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Abstract: SA-PO009

Design of Kidney-Targeted Nanoparticles for Delivery of Gene Therapies

Session Information

Category: Bioengineering

  • 400 Bioengineering


  • Roach, Arantxa, The City College of New York, New York, New York, United States
  • Vasylaki, Anastasiia, The City College of New York, New York, New York, United States
  • Ghosh, Pratyusha, The City College of New York, New York, New York, United States
  • Jaimes, Edgar A., Memorial Sloan Kettering Cancer Center, New York, New York, United States
  • Williams, Ryan, The City College of New York, New York, New York, United States

Therapeutic gene and drug delivery to organ sites outside of the liver remains elusive with few strategies to do so for renal diseases. In prior studies, we found that polymeric mesoscale nanoparticles (MNPs) localize to the kidneys up to 26-fold greater than any other organ, specifically to the renal proximal tubular epithelium.


Here, we investigated the potential to adapt this MNP platform to specifically deliver various RNA-based gene therapies to the renal proximal tubules. We formulated MNPs loaded with either reporter or gene-specific siRNA, mRNA, or CRISPR gRNA/Cas9 that conformed to the 300-400 nm diameter size range which demonstrates tubular localization. We then conducted in vitro studies using renal proximal tubular epithelial cells, as well as in vivo studies with healthy mice, to confirm their function and renal-specific delivery.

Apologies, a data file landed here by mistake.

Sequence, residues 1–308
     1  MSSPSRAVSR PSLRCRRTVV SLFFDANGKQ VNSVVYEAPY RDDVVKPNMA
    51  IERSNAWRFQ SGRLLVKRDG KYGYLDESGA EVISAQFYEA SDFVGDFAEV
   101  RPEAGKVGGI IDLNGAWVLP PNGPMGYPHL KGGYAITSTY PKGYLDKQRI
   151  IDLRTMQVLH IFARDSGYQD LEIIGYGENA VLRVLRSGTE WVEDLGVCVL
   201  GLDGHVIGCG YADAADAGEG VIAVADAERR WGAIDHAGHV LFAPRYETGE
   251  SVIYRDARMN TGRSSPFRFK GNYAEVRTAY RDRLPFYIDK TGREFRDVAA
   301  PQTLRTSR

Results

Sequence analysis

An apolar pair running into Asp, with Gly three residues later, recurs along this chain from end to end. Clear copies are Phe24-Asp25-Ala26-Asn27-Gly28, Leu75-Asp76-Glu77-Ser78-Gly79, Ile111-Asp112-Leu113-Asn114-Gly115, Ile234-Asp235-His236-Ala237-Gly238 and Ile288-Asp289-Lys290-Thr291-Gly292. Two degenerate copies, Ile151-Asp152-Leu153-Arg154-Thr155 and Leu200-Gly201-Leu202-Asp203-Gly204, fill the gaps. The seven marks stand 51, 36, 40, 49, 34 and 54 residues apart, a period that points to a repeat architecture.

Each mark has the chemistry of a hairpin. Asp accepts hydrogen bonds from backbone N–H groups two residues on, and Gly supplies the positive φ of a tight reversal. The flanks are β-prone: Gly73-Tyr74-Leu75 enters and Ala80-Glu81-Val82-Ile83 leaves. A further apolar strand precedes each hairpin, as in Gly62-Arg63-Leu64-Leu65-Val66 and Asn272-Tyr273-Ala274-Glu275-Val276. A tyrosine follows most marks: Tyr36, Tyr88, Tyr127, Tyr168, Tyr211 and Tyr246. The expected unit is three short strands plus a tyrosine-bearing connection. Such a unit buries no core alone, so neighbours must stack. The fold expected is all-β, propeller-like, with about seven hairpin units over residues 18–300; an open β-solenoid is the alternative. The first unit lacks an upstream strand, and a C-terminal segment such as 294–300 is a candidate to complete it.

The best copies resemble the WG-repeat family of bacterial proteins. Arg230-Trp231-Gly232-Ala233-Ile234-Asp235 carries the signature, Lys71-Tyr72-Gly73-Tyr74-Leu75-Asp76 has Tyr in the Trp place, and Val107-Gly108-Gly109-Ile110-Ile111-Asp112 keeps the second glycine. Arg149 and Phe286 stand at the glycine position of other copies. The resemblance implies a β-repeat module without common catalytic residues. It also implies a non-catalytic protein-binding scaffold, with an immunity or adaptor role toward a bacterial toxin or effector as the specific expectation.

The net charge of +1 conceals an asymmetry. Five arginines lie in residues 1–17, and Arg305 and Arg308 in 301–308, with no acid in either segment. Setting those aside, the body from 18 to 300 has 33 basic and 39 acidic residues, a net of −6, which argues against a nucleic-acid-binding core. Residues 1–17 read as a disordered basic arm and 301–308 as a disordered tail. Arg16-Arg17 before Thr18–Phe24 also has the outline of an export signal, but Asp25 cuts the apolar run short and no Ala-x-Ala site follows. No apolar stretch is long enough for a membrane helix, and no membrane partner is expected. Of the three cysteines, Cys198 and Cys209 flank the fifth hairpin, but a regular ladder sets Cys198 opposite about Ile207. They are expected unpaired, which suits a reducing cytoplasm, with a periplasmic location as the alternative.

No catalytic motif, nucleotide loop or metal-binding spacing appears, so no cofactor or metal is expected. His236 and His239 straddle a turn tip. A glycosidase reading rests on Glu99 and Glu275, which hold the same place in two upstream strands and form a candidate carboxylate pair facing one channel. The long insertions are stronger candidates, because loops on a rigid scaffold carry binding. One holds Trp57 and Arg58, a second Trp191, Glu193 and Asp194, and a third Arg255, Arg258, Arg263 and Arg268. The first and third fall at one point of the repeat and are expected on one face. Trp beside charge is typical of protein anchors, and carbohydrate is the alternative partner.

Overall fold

Our results demonstrated successful modification of polymeric MNPs such that they maintained kidney targeting while encapsulating RNA therapeutics. mCherry mRNA-loaded MNPs exhibit rapid and bright protein translation in vitro with no cytotoxicity. GFP-targeted CRISPR gRNA/Cas9 MNPs turned off expression of GFP in a stably-transfected cell line. In vivo, we found that kidney-targeted MNPs specifically target the kidneys and achieve gene-specific knockdown.


In ongoing studies, we are using this modified MNP design to deliver gene therapies that modulate inflammation and oxidative stress in salt-sensitive hypertension models of chronic kidney disease.

a) Images of mesoscale nanoparticles. b) Kidney-specific delivery of fluorescently-labeled nucleic acids. c) GFP expression in vitro (bottom) is deleted by delivery of GFP CRISPR gRNA-Cas9 d) Renal cell lines (top) express mCherry fluorescent protein upon addition of mRNA-loaded MNPs. e) MNPs reduce gene expression specifically in the kidneys. f) Knockdown persists for up to 10 days.


  • Other NIH Support